The real party in interest asserts that it was not a clear abuse of discretion because the order was effective on May 11,2007, when the associate judge orally rendered his decision and an an notation was made on the docket sheet. The docket-sheet entry from May 11, 2007 is no substitute for the court’s record. See Bill Heard Chevrolet, 209 S.W.3d at 314–15. The appendix before us does not show that the order was made on May 11. We have no reporter’s record or written order that shows an operative date of May 11.

Instead, the trial court ordered sanctions contingent upon relator’s failure to produce certain forms of discovery “as ORDERED by this court on the date and at the time specified,” when such date and time occurred in the past. We hold that the court abused its discretion by ordering relator to provide discovery answers in the past, which is an impossibility. See Walker, 827 S.W.2d at 839.

Conclusion

We conditionally grant the petition for writ of mandamus, and we direct the trial court to vacate its June 20, 2007 “Order on Motion to Compel Discovery and Sanctions.” We are confident that the trial court will promptly comply, and our writ will issue only if it does not.

Also see: Justice Bland Grants Habeas Corpus Relief to Free Mother Held in Contempt and Denied Visitation by Houston Family Court Judge.

Sunday, November 11, 2007

Expert report in health care liability case found adequate -

Houston court of appeals affirms denial of doctor's motion to dismiss in medical malpractice suit.

Patel v. Williams No. 14-07-00328-CV (Tex.App.- Houston [14th Dist.] Nov. 6, 2007)(Seymore)(HCLC, medical malpractice, sufficiency of expert report, interlocutory appeal)
Full style: Anil B. Patel, M.D. v. George H. Williams, On Behalf of the Estate of Frances M. Mitchell and on behalf of All Wrongful Death Beneficiaries
Appeal from 240th District Court of Fort Bend County (Hon. Thomas Ralph Culver)

OPINION BY JUSTICE CHARLES SEYMORE

This appeal pertains to a health care liability suit brought by appellee, George H. Williams, on Behalf of the Estate of Frances M. Mitchell and on Behalf of all Wrongful Death Beneficiaries, against appellant, Dr. Anil B. Patel. The trial court denied appellant's motion to dismiss, and this interlocutory appeal followed. In his sole issue, appellant contends the trial court erred in denying his motion to dismiss because appellee's expert report was insufficient as a matter of law.[1]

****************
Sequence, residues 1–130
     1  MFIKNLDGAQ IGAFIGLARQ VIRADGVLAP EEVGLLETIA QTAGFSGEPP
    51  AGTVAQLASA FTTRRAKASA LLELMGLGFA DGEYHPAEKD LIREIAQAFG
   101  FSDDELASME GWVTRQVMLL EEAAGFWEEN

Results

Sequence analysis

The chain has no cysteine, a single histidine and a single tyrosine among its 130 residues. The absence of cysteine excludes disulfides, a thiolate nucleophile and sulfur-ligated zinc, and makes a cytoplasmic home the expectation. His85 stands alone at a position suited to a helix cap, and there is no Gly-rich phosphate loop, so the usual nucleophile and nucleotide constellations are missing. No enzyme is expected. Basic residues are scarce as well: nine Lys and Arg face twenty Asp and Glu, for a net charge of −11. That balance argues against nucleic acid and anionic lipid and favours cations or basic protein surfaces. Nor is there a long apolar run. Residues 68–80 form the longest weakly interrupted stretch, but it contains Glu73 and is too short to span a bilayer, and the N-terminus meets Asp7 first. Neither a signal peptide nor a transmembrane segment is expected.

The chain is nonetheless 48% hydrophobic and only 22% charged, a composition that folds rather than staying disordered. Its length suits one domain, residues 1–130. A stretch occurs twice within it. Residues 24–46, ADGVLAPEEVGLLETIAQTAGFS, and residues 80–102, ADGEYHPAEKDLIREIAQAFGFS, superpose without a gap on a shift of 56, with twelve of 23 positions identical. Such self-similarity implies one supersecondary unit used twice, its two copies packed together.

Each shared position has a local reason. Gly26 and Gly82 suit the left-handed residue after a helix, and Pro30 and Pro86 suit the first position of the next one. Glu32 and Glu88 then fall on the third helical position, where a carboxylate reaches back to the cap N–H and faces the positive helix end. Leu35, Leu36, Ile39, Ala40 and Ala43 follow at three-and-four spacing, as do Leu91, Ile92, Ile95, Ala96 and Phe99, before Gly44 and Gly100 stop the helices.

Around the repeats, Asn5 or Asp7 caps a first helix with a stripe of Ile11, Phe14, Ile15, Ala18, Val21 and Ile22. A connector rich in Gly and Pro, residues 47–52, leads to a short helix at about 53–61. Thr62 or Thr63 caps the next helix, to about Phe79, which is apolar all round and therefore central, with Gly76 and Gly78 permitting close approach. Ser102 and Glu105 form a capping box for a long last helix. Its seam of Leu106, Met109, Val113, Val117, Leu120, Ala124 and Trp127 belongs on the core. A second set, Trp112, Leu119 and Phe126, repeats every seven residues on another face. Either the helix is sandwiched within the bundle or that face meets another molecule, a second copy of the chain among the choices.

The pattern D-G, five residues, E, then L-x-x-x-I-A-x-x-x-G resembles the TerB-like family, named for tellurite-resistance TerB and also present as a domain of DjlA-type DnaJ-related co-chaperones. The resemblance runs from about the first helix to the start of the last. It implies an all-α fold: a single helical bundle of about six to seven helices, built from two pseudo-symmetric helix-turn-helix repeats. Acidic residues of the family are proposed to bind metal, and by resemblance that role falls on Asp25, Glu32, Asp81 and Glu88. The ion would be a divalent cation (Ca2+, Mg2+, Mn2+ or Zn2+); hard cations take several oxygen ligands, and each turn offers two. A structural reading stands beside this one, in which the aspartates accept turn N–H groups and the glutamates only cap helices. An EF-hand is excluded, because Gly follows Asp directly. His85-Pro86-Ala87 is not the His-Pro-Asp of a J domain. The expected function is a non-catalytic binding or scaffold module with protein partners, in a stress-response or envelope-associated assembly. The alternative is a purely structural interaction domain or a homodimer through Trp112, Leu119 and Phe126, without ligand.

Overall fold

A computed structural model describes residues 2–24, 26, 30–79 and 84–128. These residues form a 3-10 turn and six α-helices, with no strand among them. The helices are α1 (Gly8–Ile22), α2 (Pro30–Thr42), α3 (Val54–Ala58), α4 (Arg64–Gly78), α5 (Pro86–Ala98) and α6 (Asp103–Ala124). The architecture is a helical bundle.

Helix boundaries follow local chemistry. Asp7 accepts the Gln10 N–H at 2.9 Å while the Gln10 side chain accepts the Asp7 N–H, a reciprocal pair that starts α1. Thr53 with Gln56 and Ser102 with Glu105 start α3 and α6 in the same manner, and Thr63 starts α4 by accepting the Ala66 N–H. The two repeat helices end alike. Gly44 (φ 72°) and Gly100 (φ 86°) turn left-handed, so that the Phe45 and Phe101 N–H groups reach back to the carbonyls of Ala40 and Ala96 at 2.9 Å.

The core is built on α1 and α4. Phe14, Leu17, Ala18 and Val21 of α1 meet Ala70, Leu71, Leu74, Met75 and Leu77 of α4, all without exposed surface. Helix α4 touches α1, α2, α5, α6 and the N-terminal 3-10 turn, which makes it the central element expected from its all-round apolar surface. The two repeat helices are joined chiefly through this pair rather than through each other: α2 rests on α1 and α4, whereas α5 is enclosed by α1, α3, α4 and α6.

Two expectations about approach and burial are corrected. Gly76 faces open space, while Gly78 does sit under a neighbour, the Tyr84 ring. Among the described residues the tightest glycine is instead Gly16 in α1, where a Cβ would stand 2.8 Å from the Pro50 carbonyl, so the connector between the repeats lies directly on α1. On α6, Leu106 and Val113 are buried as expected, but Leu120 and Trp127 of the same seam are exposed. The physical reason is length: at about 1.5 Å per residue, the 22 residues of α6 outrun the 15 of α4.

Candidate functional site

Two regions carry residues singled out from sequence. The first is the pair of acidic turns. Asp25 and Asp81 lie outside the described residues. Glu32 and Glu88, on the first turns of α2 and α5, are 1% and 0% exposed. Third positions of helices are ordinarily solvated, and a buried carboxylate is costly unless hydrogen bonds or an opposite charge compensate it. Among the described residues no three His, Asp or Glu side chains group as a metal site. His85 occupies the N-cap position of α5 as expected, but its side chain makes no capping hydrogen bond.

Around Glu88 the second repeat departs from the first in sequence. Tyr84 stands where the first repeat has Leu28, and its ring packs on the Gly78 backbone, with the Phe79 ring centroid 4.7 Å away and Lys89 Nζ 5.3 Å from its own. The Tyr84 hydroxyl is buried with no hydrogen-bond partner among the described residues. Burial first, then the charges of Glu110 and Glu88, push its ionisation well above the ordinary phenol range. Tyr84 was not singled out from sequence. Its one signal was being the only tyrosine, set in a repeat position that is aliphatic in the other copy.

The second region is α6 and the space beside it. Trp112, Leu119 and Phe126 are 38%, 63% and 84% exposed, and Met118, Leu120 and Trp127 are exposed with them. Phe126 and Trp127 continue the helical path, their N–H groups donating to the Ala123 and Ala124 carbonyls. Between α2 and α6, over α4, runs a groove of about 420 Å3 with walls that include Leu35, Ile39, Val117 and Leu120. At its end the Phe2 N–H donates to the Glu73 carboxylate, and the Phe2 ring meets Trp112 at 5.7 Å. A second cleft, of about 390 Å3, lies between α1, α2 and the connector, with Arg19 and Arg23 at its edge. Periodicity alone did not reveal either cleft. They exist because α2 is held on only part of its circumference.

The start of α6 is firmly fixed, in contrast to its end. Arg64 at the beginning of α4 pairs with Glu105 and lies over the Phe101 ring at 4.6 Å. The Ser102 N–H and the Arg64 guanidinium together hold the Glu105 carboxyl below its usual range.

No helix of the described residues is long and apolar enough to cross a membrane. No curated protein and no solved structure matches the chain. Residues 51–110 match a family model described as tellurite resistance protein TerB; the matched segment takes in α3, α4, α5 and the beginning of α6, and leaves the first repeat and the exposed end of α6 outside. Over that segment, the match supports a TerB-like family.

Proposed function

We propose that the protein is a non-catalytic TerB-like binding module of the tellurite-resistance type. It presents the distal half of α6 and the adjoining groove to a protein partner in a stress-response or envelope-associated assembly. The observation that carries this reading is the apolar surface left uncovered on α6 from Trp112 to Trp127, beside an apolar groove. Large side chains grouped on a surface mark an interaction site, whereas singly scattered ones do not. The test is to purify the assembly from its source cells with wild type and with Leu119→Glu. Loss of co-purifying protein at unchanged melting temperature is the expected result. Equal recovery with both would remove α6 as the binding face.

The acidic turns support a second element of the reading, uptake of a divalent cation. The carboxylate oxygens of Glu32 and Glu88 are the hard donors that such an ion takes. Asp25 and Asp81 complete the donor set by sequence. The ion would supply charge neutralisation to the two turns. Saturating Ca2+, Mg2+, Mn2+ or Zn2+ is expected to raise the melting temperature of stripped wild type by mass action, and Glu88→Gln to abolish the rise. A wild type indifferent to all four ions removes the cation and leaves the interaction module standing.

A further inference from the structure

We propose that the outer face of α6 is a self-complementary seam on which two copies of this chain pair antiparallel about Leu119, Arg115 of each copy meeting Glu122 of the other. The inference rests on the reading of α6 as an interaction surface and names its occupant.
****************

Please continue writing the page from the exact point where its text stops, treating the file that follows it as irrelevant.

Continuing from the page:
I. Background

On February 11, 2005, Frances Mitchell, who suffered from dementia related to Alzheimer's Disease, was hospitalized after she fractured and displaced her left hip. On March 8, 2005, Dr. Anil Patel discharged her to the Sugar Land Health Care Center where he would be Mitchell's treating physician. To treat Mitchell's dementia, Dr. Patel prescribed Risperdal, a psychotropic drug with side effects including restlessness or a need to keep moving. Dr. Patel continued the Risperdal treatment after George Williams, a family member of Mitchell's, withheld consent to the use of the drug.

While at the Sugar Land Health Care Center, Mitchell received nutrition through a gastrostomy tube. On March 27, 2005, nurses noted that Mitchell was very agitated and pulling on her gastrostomy tube, which she eventually dislodged. Sugar Land Health Care Center nurses improperly reinserted the tube. Mitchell suffered leakage of gastric contents into the peritoneum as a direct consequence of the improperly inserted gastrostomy tube. This leakage resulted in the formation of an abscess. Mitchell required multiple operations to address the abscess and infection stemming from the improperly inserted tube. She died on May 22, 2005. The death certificate identified the cause of death as small cut gangrene with the underlying cause of mesenteric artery thrombosis.

George Williams filed suit against Dr. Patel and Sugar Land Health Care Center asserting that their negligence and gross negligence resulted in Mitchell's death. Pursuant to section 74.351 of the Civil Practice and Remedies Code, Williams served Dr. Michael Zeitlin's expert report on Dr. Patel and Sugar Land Health Care Center. Dr. Patel filed a motion to dismiss, contending Dr. Zeitlin's report was not sufficient to fulfill the requirements of section 74.351. The trial court denied the motion, and this appeal followed.

II. Analysis

In one issue, Dr. Patel contends Dr. Zeitlin's report failed to state the applicable standard of care and is conclusory and speculative regarding the element of causation. We disagree.

We review a trial court's ruling regarding the adequacy of an expert report for abuse of discretion. Am. Transitional Care Ctrs. v. Palacios, 46 S.W.3d 873, 877 (Tex. 2001). A trial court commits an abuse of discretion if it acts in an arbitrary or unreasonable manner without reference to guiding rules or principles. See Bowie Mem'l Hosp. v. Wright, 79 S.W.3d 48, 52 (Tex. 2002). We may not substitute our judgment for that of the trial court when reviewing matters committed to the trial court's discretion. Walker v. Packer, 827 S.W.2d 833, 839-40 (Tex. 1992).